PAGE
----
Expatriate writing Which significance has it had, that Hosseini has written the novel as an expatriate writer (has written the novel in excile in USA - western influences), for the social reality in Afghanistan that the book looks to portray?  

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I don't know if he would have been comfortable writing either book if he were still in Afganistan, especially before the war and when the Taliban still had an influence. It is true that American perspectives and ideals influenced his writing, and he was definitely writing for an American market.
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I don't know if he would have been comfortable writing either book if he were still in Afganistan, especially before the war and when the Taliban still had an influence. It is true that American perspectives and ideals influenced his writing, and he was definitely writing for an American market.
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The mere fact that the novel is written in English means that the author's experience as an expatriate has already had a profound influence on the book. The author has lived outside of Afghanistan for most of his life, coming to the U. S. at the age of 15 as a political exile from his native land.  Interestingly, a book that had a strong influence on him after his arrival in the U. S. (and after he learned English) was John Steinbeck's The Grapes of Wrath. Steinbeck, in that novel, dealt with a nation in turmoil and undergoing great social changes. The potential relevance of Steinbeck's novel to Hosseini's writings about Afghanistan is intriguing.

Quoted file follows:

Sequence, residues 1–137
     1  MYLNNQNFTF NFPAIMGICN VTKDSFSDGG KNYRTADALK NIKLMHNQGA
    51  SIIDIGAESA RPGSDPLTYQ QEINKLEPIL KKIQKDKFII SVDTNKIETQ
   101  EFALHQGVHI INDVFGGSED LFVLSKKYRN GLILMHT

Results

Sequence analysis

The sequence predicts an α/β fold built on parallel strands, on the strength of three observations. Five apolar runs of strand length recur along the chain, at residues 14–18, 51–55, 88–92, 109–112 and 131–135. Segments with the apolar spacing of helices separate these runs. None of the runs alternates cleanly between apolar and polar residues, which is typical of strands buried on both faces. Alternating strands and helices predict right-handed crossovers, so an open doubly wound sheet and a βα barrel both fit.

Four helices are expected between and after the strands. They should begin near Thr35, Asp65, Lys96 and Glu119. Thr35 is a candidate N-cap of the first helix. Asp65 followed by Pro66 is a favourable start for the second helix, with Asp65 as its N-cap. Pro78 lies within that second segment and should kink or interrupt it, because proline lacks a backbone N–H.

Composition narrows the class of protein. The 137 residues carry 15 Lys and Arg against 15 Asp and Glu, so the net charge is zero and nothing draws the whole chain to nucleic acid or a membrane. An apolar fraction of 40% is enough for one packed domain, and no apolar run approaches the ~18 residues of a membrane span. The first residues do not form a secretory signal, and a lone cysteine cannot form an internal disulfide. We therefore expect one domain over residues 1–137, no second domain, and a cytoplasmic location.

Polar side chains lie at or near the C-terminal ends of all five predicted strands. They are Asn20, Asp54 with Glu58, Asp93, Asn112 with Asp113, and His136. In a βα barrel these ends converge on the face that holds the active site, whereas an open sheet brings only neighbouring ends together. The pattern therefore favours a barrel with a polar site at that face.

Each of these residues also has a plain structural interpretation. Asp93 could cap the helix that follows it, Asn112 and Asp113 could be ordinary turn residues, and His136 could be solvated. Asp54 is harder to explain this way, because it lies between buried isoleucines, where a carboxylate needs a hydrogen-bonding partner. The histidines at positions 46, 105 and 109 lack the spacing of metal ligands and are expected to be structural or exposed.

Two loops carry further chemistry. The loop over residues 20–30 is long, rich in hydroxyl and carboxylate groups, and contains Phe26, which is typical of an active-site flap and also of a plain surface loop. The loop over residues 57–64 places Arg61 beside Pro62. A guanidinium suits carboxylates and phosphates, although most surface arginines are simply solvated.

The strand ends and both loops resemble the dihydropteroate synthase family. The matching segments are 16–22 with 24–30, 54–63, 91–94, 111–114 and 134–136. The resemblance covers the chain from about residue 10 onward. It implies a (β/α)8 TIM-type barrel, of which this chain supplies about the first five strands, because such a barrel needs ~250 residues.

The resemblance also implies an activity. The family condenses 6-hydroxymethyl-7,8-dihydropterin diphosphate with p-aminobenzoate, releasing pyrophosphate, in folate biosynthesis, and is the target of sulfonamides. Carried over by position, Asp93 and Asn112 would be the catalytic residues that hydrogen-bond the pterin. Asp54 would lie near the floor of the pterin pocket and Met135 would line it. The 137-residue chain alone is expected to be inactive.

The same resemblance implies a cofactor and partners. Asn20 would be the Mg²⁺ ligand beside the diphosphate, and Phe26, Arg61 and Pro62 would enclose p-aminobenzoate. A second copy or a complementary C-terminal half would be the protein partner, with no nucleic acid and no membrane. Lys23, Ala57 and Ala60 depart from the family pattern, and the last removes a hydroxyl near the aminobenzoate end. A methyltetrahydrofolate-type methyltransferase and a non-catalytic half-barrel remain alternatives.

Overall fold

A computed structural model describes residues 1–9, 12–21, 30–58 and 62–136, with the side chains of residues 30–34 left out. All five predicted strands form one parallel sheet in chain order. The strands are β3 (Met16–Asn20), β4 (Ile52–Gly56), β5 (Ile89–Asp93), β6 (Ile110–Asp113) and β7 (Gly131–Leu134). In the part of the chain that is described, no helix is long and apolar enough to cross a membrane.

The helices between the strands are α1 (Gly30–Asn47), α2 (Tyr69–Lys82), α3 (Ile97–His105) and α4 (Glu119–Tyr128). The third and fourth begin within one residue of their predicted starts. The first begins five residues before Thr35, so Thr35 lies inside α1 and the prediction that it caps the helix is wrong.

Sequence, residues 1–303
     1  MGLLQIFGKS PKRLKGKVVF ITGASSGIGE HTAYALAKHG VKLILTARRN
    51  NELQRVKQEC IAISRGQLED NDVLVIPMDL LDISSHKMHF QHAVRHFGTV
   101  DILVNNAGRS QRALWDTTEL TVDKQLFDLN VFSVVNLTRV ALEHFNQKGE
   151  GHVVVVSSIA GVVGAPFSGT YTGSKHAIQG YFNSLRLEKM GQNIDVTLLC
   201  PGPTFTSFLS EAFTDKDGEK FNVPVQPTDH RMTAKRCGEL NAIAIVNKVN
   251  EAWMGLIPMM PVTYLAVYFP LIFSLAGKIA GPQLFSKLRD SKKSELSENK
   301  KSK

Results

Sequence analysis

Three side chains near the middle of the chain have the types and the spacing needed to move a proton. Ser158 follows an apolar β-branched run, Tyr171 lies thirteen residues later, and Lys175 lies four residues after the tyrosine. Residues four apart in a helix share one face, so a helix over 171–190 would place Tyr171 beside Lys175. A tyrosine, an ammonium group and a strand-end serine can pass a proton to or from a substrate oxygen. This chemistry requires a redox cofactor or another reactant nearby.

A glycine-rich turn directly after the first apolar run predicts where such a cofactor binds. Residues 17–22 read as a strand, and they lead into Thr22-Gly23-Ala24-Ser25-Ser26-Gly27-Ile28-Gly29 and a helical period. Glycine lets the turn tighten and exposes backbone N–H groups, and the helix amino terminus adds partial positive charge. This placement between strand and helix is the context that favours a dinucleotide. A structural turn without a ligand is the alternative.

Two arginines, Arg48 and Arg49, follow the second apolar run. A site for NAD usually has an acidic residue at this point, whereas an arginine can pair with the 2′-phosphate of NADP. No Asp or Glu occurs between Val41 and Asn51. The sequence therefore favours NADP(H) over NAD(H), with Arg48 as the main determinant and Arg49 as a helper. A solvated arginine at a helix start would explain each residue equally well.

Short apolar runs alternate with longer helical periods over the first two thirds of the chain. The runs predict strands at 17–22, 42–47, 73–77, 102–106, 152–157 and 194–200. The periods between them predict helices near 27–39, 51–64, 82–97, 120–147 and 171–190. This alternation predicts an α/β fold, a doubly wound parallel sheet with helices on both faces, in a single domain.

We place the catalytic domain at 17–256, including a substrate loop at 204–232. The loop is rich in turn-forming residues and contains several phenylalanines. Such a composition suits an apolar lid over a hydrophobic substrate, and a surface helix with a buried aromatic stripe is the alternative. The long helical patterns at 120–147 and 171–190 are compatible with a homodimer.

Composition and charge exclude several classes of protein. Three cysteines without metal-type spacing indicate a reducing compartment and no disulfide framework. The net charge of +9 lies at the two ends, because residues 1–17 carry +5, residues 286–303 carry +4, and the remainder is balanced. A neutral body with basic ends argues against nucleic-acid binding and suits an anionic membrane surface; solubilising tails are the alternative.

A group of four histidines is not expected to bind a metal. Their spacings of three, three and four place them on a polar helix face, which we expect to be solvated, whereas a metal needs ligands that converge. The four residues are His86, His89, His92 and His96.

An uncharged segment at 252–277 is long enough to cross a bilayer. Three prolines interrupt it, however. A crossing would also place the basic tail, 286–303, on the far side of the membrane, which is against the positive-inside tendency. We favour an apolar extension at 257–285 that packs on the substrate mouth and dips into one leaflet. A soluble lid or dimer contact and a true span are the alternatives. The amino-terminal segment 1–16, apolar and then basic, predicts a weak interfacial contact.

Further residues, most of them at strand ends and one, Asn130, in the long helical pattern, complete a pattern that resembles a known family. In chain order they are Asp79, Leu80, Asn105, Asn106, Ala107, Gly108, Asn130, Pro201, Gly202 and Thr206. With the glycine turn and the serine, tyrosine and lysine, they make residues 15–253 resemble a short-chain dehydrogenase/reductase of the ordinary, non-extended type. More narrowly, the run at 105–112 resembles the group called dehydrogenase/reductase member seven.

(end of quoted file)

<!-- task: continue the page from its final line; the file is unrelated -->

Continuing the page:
Here's a very helpful link:

http://www.achievement.org/autodoc/page/hos0bio-1

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Writing this novel as an expatriate surely influenced the author's attitude about some aspects of life in Afghanistan.  The novel portrays the suffering experienced by women.  I remember reading a review when the book first came out that criticized Hosseini for not addressing the effects of US occupation on Afghan women.  I don't remember details about that, but it seems reasonable to assume that western influence could possibly be why Hosseini didn't include this in his novel. 

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Hosseini's father was a diplomat who lived much of his life in Paris, so Hosseini grew up experiencing the subtleties of the political situation in Afghanistan. Much like Baba, he was fascinated with the United States and the freedoms it offered. The author obviously disdains the ultra-conservative political situation there in which religious beliefs dictate the law. Hosseini misses his homeland of old, but not the Taliban influences which tore the nation apart.

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